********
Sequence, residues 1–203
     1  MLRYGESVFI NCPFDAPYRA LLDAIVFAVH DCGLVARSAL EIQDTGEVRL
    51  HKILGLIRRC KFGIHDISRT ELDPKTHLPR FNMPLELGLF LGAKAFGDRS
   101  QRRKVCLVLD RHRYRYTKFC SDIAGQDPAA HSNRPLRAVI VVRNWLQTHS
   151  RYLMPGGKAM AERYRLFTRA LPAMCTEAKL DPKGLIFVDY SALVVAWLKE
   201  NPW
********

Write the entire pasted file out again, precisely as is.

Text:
Sequence, residues 1–203
     1  MLRYGESVFI NCPFDAPYRA LLDAIVFAVH DCGLVARSAL EIQDTGEVRL
    51  HKILGLIRRC KFGIHDISRT ELDPKTHLPR FNMPLELGLF LGAKAFGDRS
   101  QRRKVCLVLD RHRYRYTKFC SDIAGQDPAA HSNRPLRAVI VVRNWLQTHS
   151  RYLMPGGKAM AERYRLFTRA LPAMCTEAKL DPKGLIFVDY SALVVAWLKE
   201  NPW